A dangerous game
Let’s a imagine a simple game. Two people are put in a room with a button. They are told if one of them presses the button, they will get £100, but the other will get £10,000. The button only works for an indeterminate period of time and if you wait too long, it goes dead. It’s very easy to see how this could end up with neither person getting the money, because at any given point in time it is highly unlikely that the button is about to go dead; so, at any given moment it seems best to wait for the other person to press it. Lo and behold, eventually the button goes dead*.
Now imagine another game. It’s exactly the same, except that if the button goes dead, then both players lose all their savings and their jobs. Only a crazy person would wait for the other person to press the button. But the other guy knows that too. So if you can convince the other guy that you are prepared to be crazy, then you can get them to press the button. But he knows this as well, so if you start making crazy noises the most rational thing for him to conclude is that you are, in fact, not crazy but merely pretending to be. You can’t get the other person to press the button.
In the Euro-version of this game currently playing out in Brussels, Germany is the person pretending to be crazy. They want everyone else to press the button and bow to German pressure for a more fiscally integrated Europe. They also seem to think they will be able to tell if the button is about to go dead.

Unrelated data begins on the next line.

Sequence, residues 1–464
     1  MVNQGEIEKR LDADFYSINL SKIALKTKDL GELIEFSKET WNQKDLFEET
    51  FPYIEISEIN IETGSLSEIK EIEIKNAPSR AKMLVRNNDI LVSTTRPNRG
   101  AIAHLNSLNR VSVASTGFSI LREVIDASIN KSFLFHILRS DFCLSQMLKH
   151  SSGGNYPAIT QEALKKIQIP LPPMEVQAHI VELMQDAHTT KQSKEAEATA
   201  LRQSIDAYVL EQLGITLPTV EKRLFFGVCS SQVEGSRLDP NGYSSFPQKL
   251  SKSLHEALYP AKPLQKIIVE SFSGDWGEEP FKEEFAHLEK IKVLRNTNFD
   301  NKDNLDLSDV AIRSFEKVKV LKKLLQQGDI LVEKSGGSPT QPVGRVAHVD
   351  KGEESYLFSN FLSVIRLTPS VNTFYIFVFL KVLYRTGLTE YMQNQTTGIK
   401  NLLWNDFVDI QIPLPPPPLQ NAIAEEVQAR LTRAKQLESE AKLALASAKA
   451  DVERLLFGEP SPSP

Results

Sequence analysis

But they can’t. No one knows when a catastrophic run on European financial institutions could begin. Believing that you can manage this crisis in order to achieve what you believe is to the mutual long-run advantage of all concerned is unbelievably dangerous. But the logic of the game is brutal – everyone agrees that failing to press the button before it goes dead would be a catastrophe, but at any given point in time it will never seem like the right thing to do for any individual player. The issue here is, I think, not a lack of understanding of what it would take to prevent a European financial crisis (at least in the short-term), but rather that the crisis is seen as potential source of leverage for accomplishing other goals. This is hardball politics.
The debt ceiling showdown in the US worked out in the end, insofar as the button got pressed – but there was also a pretty good idea of when zero-hour would hit. For this crisis, that is simply not the case. Oh, and instead of two parties at the table, you have seventeen.
God help us all.
*If there has ever been any research (remember Cowen’s first law) I could possibly understand as to game-theoretical situations with time-dependent payoffs, or if you wanted to explain it to me, I sure would be interested to hear about it